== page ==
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Robinson's Engine

The pumping engine at Robinson’s Shaft is a gloriously well-preserved example of a Cornish engine. It worked at this site between 1903 and 1955.

The engine was designed by Captain Samuel Grose, a pupil of Richard Trevithick, and was built by Sandys Vivian and Co. at the Copperhouse Foundry, one of the two major engineering works at Hayle.  Apart from its state of preservation, and the fact that it continued to work until the 1950s, another claim to fame of this engine is that it experienced being moved no less than four times:

  • first erected at the Wheal Alfred mine near Hayle, where it worked 1855-64

  • moved to Wheal Abraham near Crowan, when it worked 1865-75

  • after a period of idleness moved to Tregurtha Downs mine near Marazion, where it worked 1883-95/1899- 1902 (the gap being because of the collapse of tin pieces in the mid-1890s)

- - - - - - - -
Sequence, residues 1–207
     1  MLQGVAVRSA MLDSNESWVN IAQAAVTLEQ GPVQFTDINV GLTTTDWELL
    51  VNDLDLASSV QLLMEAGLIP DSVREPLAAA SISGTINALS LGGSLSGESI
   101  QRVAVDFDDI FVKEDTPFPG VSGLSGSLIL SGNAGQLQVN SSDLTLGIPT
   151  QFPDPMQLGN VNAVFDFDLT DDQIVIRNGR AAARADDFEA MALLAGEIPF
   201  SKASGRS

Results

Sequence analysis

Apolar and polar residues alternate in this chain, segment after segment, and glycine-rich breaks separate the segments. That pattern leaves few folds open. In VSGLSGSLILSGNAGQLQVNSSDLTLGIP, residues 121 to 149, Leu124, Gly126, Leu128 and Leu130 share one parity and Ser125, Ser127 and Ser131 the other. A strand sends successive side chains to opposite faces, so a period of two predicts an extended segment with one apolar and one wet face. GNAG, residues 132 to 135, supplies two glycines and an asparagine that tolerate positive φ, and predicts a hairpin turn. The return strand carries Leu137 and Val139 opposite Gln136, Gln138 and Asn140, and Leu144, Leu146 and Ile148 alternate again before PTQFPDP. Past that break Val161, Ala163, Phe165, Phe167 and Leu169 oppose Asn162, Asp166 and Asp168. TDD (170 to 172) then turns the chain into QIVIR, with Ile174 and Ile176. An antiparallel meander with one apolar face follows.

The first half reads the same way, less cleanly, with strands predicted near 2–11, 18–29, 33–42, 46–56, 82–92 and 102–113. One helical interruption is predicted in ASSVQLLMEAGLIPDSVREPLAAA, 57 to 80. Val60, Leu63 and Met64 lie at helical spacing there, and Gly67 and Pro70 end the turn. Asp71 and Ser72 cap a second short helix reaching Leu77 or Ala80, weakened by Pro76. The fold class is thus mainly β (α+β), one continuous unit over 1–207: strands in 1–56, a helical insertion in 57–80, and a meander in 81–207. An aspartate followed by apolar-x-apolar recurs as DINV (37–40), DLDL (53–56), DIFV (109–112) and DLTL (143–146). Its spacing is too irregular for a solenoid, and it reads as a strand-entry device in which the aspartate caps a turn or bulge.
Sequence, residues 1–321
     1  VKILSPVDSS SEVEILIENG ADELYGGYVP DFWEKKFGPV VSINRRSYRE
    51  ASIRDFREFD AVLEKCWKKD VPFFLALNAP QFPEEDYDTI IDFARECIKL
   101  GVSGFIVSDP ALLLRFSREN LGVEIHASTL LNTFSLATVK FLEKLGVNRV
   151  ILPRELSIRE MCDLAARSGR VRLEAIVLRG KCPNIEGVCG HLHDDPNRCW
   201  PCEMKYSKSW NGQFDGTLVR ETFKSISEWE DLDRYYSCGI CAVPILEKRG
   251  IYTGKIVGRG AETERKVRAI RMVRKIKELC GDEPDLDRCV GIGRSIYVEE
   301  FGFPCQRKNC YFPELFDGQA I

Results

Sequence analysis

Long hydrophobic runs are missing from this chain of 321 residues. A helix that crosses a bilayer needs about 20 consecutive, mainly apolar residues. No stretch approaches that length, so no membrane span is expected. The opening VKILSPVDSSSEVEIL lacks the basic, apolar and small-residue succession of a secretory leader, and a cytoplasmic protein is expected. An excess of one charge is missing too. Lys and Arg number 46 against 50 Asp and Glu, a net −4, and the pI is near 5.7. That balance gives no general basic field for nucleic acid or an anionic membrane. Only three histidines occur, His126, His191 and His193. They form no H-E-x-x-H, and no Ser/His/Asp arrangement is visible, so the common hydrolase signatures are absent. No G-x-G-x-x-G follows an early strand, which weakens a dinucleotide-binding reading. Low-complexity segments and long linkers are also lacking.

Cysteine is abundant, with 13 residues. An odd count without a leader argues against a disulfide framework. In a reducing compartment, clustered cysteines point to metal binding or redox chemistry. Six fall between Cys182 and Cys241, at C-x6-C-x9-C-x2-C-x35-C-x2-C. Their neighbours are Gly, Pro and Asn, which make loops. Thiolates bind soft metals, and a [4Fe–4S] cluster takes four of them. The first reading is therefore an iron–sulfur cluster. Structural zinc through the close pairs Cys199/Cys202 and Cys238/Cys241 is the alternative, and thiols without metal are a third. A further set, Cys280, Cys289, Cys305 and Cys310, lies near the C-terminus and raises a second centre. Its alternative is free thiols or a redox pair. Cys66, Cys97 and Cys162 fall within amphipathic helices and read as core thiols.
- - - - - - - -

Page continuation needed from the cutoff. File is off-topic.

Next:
• re-erected for the final time at Robinson’s Shaft in 1903

If you think of shifting a house, bricks, mortar and all, you might begin to understand the complexity of this operation. Despite all these moves the engine as seen today is essentially as it was first built in 1854-5

Robinson’s Engine stopped working at 1.15pm on 1 May 1955, the last Cornish Engine to work on a Cornish Mine.

Robinson’s Engine is currently undergoing more restoration work (it’s a bit like painting the Forth Bridge), but you can still go on guided tours to see this magnificent engine and talk to our restoration team about the processes involved along with all the blood, sweat and tears. Once restored, the engine will run again using a hydraulic system. We believe in protecting the environment and we use renewable energy across Heartlands, so for now, the engine will not be run on steam.

For guided tours of the Engine House, please visit our events page, or pop into the Visitor Centre Reception on arrival at Heartlands.

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